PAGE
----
The post-mortems on the elimination of the England soccer team from the Euro 2012 tournament will begin. There will be little said that has not been said before. But when England play again, the fans will be there – even if it means turning up two nights in a row.
Wednesday, 21st November 1979 was a chill day, by the time it was dark, fog had begun to form across North London. Meeting a friend travelling from Brighton at Victoria Station, we caught the tube across to Saint Pancras station to meet friends coming in from Leeds, and then a Metropolitan line train up to Wembley Park. Being first term undergraduates, there was nothing that could possibly be a discouragement.
The fixture against Bulgaria was a qualification group match for the 1980 European Championships. Hardly a glamorous fixture, but there were reports that up to 85,000 tickets had been sold (the capacity for floodlit matches at the old Wembley was 92,000). The mood was cheerful and buoyant, as it was on any occasion at Wembley, and tens of thousands of fans milled around outside the stadium. It became apparent that the match was in doubt, the turnstiles had not been opened and the fog had grown so thick that the twin towers were barely visible.
Eventually, an announcement came that the match had been postponed because visibility was so poor; it would be played 24 hours later and tickets would be valid. There was a huge groan and much muttering and people turned to go home. There wasn’t much money around in 1979, my friends would return to their colleges in late trains and would be unable to return. It was hard to imagine that those who had travelled from distant points in England would get much use from their tickets.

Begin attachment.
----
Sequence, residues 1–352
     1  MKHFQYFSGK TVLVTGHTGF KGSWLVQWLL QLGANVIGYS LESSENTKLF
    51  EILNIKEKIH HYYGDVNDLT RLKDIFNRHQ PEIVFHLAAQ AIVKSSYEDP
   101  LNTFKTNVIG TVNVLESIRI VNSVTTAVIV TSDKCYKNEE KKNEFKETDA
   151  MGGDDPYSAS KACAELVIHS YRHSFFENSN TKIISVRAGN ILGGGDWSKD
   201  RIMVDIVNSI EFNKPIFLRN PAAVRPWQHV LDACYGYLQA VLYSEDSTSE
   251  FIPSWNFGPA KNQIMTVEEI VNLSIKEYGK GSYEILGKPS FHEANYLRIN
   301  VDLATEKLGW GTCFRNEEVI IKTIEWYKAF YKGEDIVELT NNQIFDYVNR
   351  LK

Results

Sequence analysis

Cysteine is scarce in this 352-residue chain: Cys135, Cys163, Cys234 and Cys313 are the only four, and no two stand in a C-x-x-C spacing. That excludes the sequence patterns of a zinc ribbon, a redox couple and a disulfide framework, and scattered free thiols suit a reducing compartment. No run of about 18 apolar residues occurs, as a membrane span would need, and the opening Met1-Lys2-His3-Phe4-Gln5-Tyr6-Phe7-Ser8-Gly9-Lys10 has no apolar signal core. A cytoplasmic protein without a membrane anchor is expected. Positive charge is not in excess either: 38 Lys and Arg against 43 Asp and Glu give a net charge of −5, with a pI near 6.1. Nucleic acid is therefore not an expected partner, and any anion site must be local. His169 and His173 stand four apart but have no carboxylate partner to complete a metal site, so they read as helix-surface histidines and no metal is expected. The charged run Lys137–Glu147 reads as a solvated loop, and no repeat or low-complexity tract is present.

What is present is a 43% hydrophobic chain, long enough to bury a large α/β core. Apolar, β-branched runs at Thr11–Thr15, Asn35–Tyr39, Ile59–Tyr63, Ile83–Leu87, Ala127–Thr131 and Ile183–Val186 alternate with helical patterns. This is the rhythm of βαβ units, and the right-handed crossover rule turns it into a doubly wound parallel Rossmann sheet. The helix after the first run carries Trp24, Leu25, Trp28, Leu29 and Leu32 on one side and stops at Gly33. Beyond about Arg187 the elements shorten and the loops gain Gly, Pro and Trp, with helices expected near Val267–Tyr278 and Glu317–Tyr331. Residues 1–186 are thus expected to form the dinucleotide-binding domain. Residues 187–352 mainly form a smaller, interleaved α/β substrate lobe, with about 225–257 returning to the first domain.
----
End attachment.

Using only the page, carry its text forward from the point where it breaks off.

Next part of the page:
The following day, I again caught the Metropolitan Line tube with four £2 terrace tickets in my hand; the three I didn’t need were sold, at face value, to people travelling to Wembley. The match went ahead without a hitch, Dave Watson and Glenn Hoddle scoring in a 2-0 win for England.
The fog certainly reduced the attendance, but for a re-scheduled match on a November Thursday evening in economically-depressed times there were 71,491 people in the crowd. The overwhelming majority of the crowd from the previous evening had managed to turn up on the second night; there were people from the corners of England would support their team, wherever and whenever it played.
Football was never about winning, anyway, it was about the experience. If it was about winning, then how would anyone explain crowds of over 20,000 for at least the top ten teams in the Championship – which is the second division, and where the only thing anyone wins is promotion to the division above? How would anyone explain the tens of thousands who attend the matches of lower league teams week in and week out? Journalists who sit in glass-fronted, heated press boxes with their paraphernalia all around them rarely understand what it’s about.
I have no memory of most of those England matches, no idea of most of the opponents, what mattered was being there. The fans tonight will have been disappointed, but when the white shirts are pulled on again, they will be there, because football is about more than winning. As Bill Shankly said when he was asked whether football was a matter of life and death, ‘It’s far more important than that’.
The casually interested will turn their attention elsewhere tomorrow and the hardcore supporters will start wondering about flights to Rio.